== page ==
Governments give varying advice on AstraZeneca vaccine

A patchwork of advice was emerging from governments across Europe and farther afield, a day after the European Union’s drug regulator said there was a “possible link” between the AstraZeneca vaccine and a rare clotting disorder while reiterating the vaccine is safe and effective.

Regulators in the United Kingdom and the EU both stressed that the benefits of receiving the vaccine continue to outweigh the risks for most people, and the EU agency maintained its guidance that the vaccine can be used in all adults. But experts fear the confusing messages about the vaccine could still dampen enthusiasm for it at a time when Europe and many other parts of the world are facing surging cases.

Experts hammered home the rarity of the clots Thursday.

“The risks appear to be extremely low from this very rare side effect,” Anthony R. Cox, of the University of Birmingham’s School of Pharmacy, told the BBC. “I mean it’s the equivalent of the risk of dying in the bath, drowning in the bath, for example, it’s that rare, or a plane landing on your house.”

The EU is trying, but so far failing, to avoid different policies among its 27 nations, which all look to the European Medicines Agency for guidance. Health Commissioner Stella Kyriakides called Wednesday evening for a coherent approach to ensure that “on the basis of the same set of evidence, similar decisions are taken in different member states.”

News of the tiny risk already is already having an effect on some vaccination takeup. In Croatia, the government said that one in four people due to get an AstraZeneca shot Thursday didn’t show up. Poland, too, has also seen people cancel or not appear for appointments to get the vaccine.

European Commission spokesman Stefan De Keersmaecker said Thursday that the EMA’s findings were based on its stringent monitoring system and that should promote trust among the bloc’s 27 member states.

“We want to avoid, of course, a vaccination hesitancy,” he said.

The top official with the Africa Centers for Disease Control and Prevention insisted Thursday the AstraZeneca vaccine’s benefits outweigh its risks and that his group is not issuing new recommendations.

He said the overarching message from the U.K. and EU regulators was clear.

“The benefits outweigh the risks because these are very rare occurrences that they are picking up due to very strong surveillance systems that they have put in place,” John Nkengasong told a briefing. “So, I think these vaccines continue to be safe.”

Africa’s target is to vaccinate 60% of its 1.3 billion people by the end of 2022 — a goal that could prove extremely hard to achieve without widespread use of the AstraZeneca vaccine.

Australian Prime Minister Scott Morrison, whose country’s vaccination program leans heavily on AstraZeneca’s shot, announced that the Pfizer vaccine should now be adopted as the preferred vaccine for people under 50.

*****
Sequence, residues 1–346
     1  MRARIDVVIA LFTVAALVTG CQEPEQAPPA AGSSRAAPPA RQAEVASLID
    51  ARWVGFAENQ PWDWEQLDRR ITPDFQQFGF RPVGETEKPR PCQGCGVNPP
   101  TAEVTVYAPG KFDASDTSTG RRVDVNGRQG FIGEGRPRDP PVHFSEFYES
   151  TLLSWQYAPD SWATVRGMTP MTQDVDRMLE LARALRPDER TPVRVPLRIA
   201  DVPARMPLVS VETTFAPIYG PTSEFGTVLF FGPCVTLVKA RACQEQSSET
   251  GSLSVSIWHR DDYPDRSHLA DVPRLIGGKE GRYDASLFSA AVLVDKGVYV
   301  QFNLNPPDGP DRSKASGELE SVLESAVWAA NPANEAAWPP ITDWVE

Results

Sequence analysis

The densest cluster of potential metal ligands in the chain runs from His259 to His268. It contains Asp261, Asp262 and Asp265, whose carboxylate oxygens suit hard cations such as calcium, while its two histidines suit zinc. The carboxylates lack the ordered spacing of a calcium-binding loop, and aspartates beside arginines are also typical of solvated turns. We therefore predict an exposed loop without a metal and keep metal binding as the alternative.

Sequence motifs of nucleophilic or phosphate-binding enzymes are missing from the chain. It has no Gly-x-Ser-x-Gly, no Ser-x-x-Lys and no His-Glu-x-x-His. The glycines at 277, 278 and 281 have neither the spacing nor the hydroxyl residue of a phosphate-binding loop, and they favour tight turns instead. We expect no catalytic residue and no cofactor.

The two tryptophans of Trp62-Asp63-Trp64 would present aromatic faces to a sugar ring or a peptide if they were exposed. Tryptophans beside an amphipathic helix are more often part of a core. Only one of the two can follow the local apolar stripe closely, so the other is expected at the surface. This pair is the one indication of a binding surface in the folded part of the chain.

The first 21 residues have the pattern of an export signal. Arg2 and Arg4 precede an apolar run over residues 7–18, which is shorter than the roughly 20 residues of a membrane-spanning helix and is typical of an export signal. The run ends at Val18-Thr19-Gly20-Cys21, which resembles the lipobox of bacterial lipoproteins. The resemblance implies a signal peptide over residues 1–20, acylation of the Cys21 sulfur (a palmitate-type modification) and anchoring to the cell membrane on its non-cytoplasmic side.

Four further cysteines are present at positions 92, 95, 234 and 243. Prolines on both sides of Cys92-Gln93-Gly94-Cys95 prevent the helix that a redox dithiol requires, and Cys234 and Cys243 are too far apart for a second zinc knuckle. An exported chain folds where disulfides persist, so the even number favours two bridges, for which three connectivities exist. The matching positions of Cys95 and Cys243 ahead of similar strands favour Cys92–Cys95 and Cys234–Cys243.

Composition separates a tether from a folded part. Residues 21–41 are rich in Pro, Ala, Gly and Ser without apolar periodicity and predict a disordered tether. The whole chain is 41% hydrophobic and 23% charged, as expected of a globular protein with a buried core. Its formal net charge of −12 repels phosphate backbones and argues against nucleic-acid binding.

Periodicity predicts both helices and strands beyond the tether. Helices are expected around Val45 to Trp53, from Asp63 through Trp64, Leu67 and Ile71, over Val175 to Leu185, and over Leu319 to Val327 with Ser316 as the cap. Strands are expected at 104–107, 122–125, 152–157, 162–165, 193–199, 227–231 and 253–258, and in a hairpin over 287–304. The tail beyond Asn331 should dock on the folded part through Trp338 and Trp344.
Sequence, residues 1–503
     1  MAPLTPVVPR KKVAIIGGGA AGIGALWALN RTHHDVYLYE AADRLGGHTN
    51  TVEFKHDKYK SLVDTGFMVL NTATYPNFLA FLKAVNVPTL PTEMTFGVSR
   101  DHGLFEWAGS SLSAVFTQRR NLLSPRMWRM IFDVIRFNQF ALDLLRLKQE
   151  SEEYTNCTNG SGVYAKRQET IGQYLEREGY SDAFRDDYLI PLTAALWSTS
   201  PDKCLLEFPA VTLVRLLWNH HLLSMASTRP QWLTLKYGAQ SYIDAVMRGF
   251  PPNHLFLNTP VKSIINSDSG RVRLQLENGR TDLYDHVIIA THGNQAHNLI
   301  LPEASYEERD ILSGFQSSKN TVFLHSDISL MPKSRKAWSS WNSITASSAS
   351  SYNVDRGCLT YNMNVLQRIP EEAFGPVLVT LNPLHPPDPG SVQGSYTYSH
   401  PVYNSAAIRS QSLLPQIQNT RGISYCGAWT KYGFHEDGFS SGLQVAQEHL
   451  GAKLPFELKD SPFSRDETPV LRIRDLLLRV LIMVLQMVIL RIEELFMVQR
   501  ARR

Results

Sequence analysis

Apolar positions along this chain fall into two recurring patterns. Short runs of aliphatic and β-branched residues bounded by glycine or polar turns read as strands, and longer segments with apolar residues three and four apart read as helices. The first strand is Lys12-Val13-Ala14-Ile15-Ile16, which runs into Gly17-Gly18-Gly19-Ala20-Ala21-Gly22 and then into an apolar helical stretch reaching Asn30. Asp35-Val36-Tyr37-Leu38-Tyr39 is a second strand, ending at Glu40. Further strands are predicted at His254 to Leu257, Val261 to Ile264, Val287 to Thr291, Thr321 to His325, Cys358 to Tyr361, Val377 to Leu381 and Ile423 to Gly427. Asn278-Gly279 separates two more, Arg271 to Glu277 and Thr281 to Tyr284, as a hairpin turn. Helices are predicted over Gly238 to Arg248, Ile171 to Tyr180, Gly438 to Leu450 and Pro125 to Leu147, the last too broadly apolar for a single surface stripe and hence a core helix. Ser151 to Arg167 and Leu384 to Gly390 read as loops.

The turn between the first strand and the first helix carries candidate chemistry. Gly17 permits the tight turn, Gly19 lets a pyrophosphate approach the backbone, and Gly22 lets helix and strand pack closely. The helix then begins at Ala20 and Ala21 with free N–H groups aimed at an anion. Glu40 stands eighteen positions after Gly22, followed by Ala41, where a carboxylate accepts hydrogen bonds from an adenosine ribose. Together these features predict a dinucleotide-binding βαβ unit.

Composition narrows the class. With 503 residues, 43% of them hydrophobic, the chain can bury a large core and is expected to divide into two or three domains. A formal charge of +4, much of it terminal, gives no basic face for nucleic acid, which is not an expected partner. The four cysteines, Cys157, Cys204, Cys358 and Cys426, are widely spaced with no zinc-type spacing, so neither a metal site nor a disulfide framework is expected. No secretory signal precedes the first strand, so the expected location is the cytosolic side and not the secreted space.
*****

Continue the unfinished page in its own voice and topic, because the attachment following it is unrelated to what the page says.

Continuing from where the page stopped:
“We’ve been taking the necessary precautions based on the best possible medical advice,” Morrison said. “It has not been our practice to jump at shadows.”

Some EU nations were at pains to stress the safety and did not change their advice.

The Polish state TV broadcaster used a headline declaring “AstraZeneca is safe” during its live report on the vaccine.

The head of Italy’s drug regulator, Nicola Magrini, appealed for calm even as she said late Wednesday that Italy will now pivot from primarily using the AstraZeneca vaccine for people under 65 to using it on those over 60.

Underscoring how such changing rules were causing confusion and anxiety, the governor of the Veneto region said Thursday that operators had fielded 8,000 calls about AstraZeneca in recent days. “Obviously there is some uneasiness spreading,” Luca Zaia told reporters.

Hungarian government minister Gergely Gulyas called the EMA announcement “a clear decision which is in line with the point of view of Hungarian authorities: AstraZeneca is reliable and provides protection.”

German officials made clear that they will stick to their current recommendation — issued March 30 when concerns about the rare clots were already circulating — to restrict the use of the AstraZeneca vaccine to people over 60 in most cases, in line with larger European nations including Spain and Italy.

“If we only had AstraZeneca as a vaccine and no alternative for the under-60s, then we would face considering … another possible result,” Health Minister Jens Spahn told WDR public radio on Thursday.

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Associated Press reporters around the world contributed.

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